Whether you are fresh in the tutoring business or an old hand at teaching English as a foreign language (EFL), you may have been wondering if preparing students to take the tests like the TOEFL IBT® or TOEIC® is a hard task. Having talked to ELT professionals and test takers over the years, below is some advice we recommend you consider before running your next 1:1 test preparation course.
1- Evaluate the feasibility of goals
The first question to ask your potential student is what test score they need and how much time they have to prepare.
If this will be the student’s first go at the test, it’s key to determine what their overall current level of English is, ideally confirmed with the official practice test score.
If that’s not possible, then at least ask for some kind of trustworthy CEFR-mapped credential that the student may have—and that does not apply to the student’s own gut feeling about their level. Try to gauge the potential proficiency and skill gap that may need to be bridged during your preparation course. The more experienced you are with the test and test preparation, the easier this estimation will be.
Looking at the time available and the gap that most likely needs to be filled, you will be able to evaluate the feasibility of the target score. It may happen that the individual has already attempted the test and needs to significantly increase their score in a very short time. In such a case, you may want to give it a second thought before you agree to take on the challenge. It’s not like you have a magic wand, or do you?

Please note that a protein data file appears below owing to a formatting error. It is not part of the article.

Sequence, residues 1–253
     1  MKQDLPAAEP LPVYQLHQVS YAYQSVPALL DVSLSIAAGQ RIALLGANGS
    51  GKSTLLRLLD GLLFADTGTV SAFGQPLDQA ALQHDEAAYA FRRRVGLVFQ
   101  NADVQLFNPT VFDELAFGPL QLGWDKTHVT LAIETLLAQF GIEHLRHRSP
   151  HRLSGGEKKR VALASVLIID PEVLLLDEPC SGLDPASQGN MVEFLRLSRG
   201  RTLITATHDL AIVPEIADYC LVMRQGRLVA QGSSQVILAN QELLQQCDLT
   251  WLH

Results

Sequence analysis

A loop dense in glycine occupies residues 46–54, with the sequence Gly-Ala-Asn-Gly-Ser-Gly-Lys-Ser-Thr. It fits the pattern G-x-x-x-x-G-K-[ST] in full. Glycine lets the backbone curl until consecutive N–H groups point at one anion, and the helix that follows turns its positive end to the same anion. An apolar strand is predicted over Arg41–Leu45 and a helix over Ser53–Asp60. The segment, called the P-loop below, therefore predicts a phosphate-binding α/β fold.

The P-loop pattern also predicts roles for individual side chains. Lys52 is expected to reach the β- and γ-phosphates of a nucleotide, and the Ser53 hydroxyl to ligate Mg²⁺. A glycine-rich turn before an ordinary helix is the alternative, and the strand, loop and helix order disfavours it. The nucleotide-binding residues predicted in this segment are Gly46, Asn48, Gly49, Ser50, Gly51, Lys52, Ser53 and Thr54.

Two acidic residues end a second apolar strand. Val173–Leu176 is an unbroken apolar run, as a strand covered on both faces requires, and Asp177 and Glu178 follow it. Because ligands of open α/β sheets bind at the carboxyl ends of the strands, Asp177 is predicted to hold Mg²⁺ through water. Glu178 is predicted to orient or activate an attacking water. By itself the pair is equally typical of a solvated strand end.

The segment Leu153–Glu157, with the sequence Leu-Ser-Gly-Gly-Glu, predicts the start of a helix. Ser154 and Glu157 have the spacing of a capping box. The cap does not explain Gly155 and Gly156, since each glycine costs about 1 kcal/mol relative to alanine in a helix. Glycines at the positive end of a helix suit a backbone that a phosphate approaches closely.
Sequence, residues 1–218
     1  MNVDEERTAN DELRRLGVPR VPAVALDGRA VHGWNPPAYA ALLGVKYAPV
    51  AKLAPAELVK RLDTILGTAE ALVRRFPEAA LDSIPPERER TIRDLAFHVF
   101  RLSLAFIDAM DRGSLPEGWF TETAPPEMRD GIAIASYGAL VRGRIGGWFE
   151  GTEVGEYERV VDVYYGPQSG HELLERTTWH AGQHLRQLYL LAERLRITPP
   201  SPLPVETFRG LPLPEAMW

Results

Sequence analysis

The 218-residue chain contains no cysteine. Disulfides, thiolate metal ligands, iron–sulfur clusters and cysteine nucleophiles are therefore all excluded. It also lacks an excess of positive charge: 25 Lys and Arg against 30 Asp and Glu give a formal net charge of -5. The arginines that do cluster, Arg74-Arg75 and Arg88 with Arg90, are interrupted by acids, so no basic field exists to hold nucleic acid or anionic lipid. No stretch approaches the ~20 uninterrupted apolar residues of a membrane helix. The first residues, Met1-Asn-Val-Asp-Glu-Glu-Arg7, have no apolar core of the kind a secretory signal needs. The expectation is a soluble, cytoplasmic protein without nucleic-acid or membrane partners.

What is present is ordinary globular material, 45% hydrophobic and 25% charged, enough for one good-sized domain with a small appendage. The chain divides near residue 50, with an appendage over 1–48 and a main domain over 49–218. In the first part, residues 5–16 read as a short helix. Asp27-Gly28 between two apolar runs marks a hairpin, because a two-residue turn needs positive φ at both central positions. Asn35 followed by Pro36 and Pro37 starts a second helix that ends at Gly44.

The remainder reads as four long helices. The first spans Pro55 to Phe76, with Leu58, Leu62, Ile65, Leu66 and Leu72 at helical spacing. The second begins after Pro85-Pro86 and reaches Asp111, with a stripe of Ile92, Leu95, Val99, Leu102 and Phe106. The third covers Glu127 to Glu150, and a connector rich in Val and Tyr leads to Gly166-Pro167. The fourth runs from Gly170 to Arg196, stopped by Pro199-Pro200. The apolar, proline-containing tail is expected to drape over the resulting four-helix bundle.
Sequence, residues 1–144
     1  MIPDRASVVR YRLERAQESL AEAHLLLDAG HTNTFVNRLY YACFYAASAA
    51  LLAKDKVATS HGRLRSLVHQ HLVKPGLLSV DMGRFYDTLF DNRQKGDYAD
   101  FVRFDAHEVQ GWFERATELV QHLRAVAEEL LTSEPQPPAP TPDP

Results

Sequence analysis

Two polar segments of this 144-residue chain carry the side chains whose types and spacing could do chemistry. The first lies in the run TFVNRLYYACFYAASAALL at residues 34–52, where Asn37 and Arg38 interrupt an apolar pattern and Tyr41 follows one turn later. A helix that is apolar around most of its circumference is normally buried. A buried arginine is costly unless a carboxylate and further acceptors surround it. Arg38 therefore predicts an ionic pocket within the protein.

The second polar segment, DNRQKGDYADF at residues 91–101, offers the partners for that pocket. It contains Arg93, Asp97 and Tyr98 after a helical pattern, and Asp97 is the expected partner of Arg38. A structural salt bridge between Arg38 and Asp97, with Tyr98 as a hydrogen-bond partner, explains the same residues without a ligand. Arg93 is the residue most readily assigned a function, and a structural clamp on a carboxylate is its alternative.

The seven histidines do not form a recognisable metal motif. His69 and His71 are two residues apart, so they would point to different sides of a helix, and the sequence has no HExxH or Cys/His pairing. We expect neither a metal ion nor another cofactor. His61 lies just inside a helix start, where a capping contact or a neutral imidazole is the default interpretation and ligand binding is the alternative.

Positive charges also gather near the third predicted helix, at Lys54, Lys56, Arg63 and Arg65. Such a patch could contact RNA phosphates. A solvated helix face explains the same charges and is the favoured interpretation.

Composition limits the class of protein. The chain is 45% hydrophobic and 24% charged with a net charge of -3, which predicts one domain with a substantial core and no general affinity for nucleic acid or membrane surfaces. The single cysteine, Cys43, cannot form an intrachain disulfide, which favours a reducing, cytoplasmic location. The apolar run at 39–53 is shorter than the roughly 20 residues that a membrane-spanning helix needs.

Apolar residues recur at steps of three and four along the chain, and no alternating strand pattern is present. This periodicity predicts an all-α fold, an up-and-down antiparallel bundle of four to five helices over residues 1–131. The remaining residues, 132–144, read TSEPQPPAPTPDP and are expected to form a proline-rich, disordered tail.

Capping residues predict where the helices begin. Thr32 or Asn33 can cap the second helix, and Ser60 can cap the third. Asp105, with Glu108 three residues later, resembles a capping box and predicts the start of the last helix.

2- Conduct needs analysis
After you evaluate the overall feasibility of the target score goals, you need to take a deep dive into your student’s specific language needs and plan accordingly. Knowing the overall number of hours you have at your disposal, you need to divide that time into study units that focus on exactly the type of skills the student needs to develop to move forward with clearly identified learning objectives. Some students need a specific total score to reach while others want to focus on increasing scores in selected test sections—only in Speaking or Writing, for example. All this information needs to be considered to make the best use of the time available.
Again, in an ideal situation you would already have some diagnostic feedback, based on which you could design your course syllabus. That could either be your student’s previous test score report with performance descriptors or the sample test performance feedback. What you could also do is have the student take the official free practice test and carefully analyze their answers to see which specific question types and tasks pose challenges.
3- Gauge student’s commitment
It’s no secret that in the case of tutoring, it takes two to achieve success.